Eyes downcast she whispered, “Our roommate.”
I kicked the roommate out of our apartment, but decided to give the marriage a second chance. Marriage is supposed to be forever, and I couldn’t just give up. We went to consoling but it did not help. I began self-medicating by reading. I would try to rebuild my crumbling world by getting lost in a fantastical one. I devoured Patrick Rothfuss, George RR Martin, and Brandon Sanderson.
In May I had given up. I had found out that my wife was still involved with the affair, our marriage was essentially at an end, and my life was in rubble. I came home and sat on our bed. Well, my bed now, and drew one one of
our, my, steak knives across my left forearm. The sting of the blade did nothing to soothe the ache in my chest. The shimmering scarlet drops urged me further. I debated finishing it. I own a 1911 .45 ACP, and I knew that if I was going to do it then I wouldn’t fail at this like I had my marriage.
Two of my friends walked into my apartment. My wife had called them after seeing how upset I was. To this day, I have not thanked her for that act of kindness. They held me as silent tears poured from my eyes. If eyes are the windows to your soul, then my tears were the shattered slivers of that glass. I couldn’t speak to them what I had been playing. The shame of my thoughts was so strong, that even today it is hard to actually verbalize what I was going to do.
They stayed with me. After a few days of supervision, the immediate threat was gone. I made sure my firearms were outside of my reach, and would throw myself into either reading or work. My arm scabbed with the ugly reminders of what I thought had been the end of my life.
A few weeks later, I opened Brandon Sanderson’s The Way of Kings. The main character Kaladin was not the hero I had read about before. He was suicidal. He failed so many times in his life, that he felt that he did not have one. No matter what he did, it was not enough. The sorrowful melody of his story harmonized with my own. The pivotal scene in which he stood atop a chasm preparing to take his final step saved me. Syl, a small spirit of the wind, told him an oath in which men used to hold themselves to.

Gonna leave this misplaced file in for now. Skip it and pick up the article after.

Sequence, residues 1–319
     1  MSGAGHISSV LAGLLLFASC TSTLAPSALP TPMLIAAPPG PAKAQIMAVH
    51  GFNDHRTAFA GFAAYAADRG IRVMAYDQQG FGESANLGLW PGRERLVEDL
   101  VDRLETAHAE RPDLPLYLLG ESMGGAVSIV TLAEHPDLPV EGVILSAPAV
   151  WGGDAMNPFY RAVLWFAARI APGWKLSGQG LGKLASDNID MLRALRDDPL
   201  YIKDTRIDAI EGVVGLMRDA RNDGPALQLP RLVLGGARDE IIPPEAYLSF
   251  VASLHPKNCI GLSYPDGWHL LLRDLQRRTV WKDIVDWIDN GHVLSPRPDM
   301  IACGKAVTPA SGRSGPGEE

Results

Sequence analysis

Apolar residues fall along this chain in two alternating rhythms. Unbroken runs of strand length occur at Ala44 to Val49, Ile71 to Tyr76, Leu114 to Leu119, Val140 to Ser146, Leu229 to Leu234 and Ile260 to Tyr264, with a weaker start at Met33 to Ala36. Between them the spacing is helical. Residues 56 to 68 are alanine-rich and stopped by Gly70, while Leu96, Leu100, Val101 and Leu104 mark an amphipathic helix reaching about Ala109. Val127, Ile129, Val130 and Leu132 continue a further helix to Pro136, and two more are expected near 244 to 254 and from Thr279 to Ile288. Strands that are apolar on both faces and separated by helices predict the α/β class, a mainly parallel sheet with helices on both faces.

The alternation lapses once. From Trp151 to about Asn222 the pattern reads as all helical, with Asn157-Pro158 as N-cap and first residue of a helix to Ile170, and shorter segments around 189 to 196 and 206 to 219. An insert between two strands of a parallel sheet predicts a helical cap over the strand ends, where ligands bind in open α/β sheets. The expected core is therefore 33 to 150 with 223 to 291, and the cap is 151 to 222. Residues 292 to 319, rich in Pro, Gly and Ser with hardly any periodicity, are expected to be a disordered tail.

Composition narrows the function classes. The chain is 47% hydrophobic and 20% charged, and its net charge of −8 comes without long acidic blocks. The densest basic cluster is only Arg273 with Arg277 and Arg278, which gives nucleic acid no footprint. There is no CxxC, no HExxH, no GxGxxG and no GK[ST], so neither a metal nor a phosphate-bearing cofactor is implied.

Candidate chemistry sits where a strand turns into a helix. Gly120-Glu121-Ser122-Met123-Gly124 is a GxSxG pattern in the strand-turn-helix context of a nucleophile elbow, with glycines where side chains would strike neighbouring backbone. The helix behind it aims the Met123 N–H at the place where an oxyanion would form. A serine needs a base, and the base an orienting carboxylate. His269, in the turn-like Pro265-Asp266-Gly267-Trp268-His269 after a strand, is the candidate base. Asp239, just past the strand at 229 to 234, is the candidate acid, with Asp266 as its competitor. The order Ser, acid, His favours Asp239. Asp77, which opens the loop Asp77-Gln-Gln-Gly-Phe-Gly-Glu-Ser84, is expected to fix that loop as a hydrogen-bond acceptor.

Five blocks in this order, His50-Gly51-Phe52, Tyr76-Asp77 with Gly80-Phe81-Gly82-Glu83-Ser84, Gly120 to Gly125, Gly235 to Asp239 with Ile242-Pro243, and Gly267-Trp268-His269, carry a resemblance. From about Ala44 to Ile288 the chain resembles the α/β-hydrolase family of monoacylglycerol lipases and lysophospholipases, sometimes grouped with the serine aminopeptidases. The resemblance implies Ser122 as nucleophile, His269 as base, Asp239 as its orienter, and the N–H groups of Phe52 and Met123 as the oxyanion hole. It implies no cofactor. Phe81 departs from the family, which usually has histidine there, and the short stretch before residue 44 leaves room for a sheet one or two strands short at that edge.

Life Before Death
Strength Before Weakness
Journey Before Destination
All men will die; it is how we live that matters. Before anyone can give into weakness, they must resist. Hold on to your strength. It was there first, and those moments of strength will define you. It does not matter where you end, only the road you take to get there.
After reading that section, I knew I would never cut myself again. I would never give in to the temptation of an easy way out. From that moment forward, I would put life before death. In order to commit to my promise, the next day I had Brandon Sanderson’s words tattooed onto my forearm. I’d rather be reminded by those words than the scars.
I do not know why Brandon Sanderson choose to make his character in that fashion, but by having his character experience something so powerful, I was able to connect to him on a level I have never done with any form of entertainment.
If I can resonate with one reader the way that Brandon Sanderson’s words resonated with me, then I do not care if I ever make a dime from my writing. Reading helped me through the hardest time of my life. Writing gave me a new one. Thanks for putting up with such a long post, since your reading it I obviously decided to let it see the light of day. I apologize it is so different from my normal style, but I thought this was the best way to show how a book can connect with a reader.